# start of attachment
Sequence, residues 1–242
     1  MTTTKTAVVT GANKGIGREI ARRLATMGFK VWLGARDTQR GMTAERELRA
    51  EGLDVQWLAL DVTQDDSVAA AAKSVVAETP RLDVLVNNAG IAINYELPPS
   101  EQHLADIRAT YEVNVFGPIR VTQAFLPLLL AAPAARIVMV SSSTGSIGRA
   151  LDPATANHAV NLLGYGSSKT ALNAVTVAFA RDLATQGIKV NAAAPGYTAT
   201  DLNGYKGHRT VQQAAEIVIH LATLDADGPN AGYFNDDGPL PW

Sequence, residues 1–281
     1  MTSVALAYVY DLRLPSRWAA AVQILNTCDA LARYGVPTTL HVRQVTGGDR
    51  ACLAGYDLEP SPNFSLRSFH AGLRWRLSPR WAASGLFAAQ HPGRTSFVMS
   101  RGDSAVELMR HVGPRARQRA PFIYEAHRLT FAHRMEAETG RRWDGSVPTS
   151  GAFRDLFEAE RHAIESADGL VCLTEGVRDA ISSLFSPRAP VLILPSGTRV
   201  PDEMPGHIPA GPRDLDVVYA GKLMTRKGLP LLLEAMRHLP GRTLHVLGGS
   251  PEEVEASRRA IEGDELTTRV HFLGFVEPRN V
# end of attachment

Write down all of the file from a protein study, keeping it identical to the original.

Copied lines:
Sequence, residues 1–242
     1  MTTTKTAVVT GANKGIGREI ARRLATMGFK VWLGARDTQR GMTAERELRA
    51  EGLDVQWLAL DVTQDDSVAA AAKSVVAETP RLDVLVNNAG IAINYELPPS
   101  EQHLADIRAT YEVNVFGPIR VTQAFLPLLL AAPAARIVMV SSSTGSIGRA
   151  LDPATANHAV NLLGYGSSKT ALNAVTVAFA RDLATQGIKV NAAAPGYTAT
   201  DLNGYKGHRT VQQAAEIVIH LATLDADGPN AGYFNDDGPL PW

Sequence, residues 1–281
     1  MTSVALAYVY DLRLPSRWAA AVQILNTCDA LARYGVPTTL HVRQVTGGDR
    51  ACLAGYDLEP SPNFSLRSFH AGLRWRLSPR WAASGLFAAQ HPGRTSFVMS
   101  RGDSAVELMR HVGPRARQRA PFIYEAHRLT FAHRMEAETG RRWDGSVPTS
   151  GAFRDLFEAE RHAIESADGL VCLTEGVRDA ISSLFSPRAP VLILPSGTRV
   201  PDEMPGHIPA GPRDLDVVYA GKLMTRKGLP LLLEAMRHLP GRTLHVLGGS
   251  PEEVEASRRA IEGDELTTRV HFLGFVEPRN V